Whilst assessing good value for members of DC pension schemes is not a new subject for trustees and the pension industry, the rise of several contrasting transparency initiatives has begun to muddy the waters on which transparency standards a pension fund decision maker should prioritise.
Investment governance committees (IGCs) are obliged to scrutinise the value for money of the provider’s workplace personal pension schemes, taking into account transaction costs.
The DWP’s “schemes”, published on 26 February 2018, places a duty on DC trustees to report costs and charges via the chair’s statement. Failure to adhere to the DWP legislation to disclose on investment costs to members, could result in a £50,000 fine.
And in addition, after years of planning, EU MiFID II finally came into effect on 3 January 2018 across all EU territories. Pension trustees will now be presented with more information from their investment managers on best execution practises and increased cost disclosures.
The need for an improved cost disclosure regime is agreed upon – the question is how can the industry best support trustees in meeting their governance and regulatory obligations?
The Dutch pension fund industry is widely considered to be the frontrunner in governance and transparency. One reason for their success is a well-structured cost reporting system as a part of their governance framework.
In the UK, initiated in May 2017, the Local Government Pension Scheme Advisory Board’s ‘Code of Transparency’ has been instrumental in standardising a consensus on cost transparency, with 65 asset managers signed up to the code.
Then in December, the DC Workplace Pensions Template (DCPT) was issued by the Investment Association (IA), to meet the minimum data requirements of COBS 19.8. This initiative set out to enable governance bodies of workplace pension schemes to meet their obligations, and provide asset managers with a standardised cost disclosure methodology.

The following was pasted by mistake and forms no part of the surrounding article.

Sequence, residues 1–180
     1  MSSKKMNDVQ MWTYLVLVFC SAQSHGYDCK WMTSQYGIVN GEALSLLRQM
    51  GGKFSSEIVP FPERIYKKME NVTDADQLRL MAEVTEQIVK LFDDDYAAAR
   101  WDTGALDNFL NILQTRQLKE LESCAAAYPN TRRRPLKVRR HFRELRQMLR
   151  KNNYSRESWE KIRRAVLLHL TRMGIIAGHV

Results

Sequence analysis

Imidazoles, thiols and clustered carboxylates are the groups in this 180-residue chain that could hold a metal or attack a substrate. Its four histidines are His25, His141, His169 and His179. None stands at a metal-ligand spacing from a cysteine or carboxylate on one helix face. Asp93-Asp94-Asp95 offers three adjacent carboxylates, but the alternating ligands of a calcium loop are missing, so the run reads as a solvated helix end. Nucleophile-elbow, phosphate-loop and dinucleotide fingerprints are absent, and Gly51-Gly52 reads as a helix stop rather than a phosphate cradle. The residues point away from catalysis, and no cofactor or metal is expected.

Following the FCA asset management market study, the regulator established the institutional disclosure working group (IDWG) to build on the progress of the LGPS code of transparency. The group has worked on a cost disclosure template for UK pension schemes, to be published towards the end of the summer.
Despite this rapid and important progress, we as an industry should remind ourselves of the potential disruption that these simultaneous and potentially conflicting regimes may have on its end users: the trustees, governance committees and ultimately the members.
And at this point, another question arises; how are the end users going to be able to cope with the additional amount of data they will be receiving from asset managers?
The DWP DC legislation dictates that “it remains the burden of trustees to report on the level of charges (including transaction costs), for each fund which members can select, via the Chair’s statement”. This ultimately means that trustees will be further responsible for the calculation and presentation of these transaction charges as they are best able to. Beyond reporting, trustees are also obliged to make a value for money assessment on these costs, and illustrate the cumulative effects over time to its members – not an easy ask.
With regulatory obligations and several streams of new data, schemes must think carefully about how they dedicate resource to this exercise. Some may look to reconcile this data in house. Others may look to outsource this process to a specialised provider. Either way, the time and resource dedicated to fulfilling these obligations will be a further cost incurred by the scheme, which may ultimately impact member outcomes. With transparency comes the responsibility to carry it out cost-effectively.
With the influx of multiple reporting requirements and contrasting methodologies, , the first half of 2018 is proving to be a turning point for cost reporting in the pensions industry. While each of these regulatory frameworks has noble aims, more work needs to be done to ensure that demanding trustee obligations are made clear and that implications are managed carefully if they are to actively deliver transformational benefits. Without this, we risk adding a further layer of red tape and may miss out on the very value we are trying to create.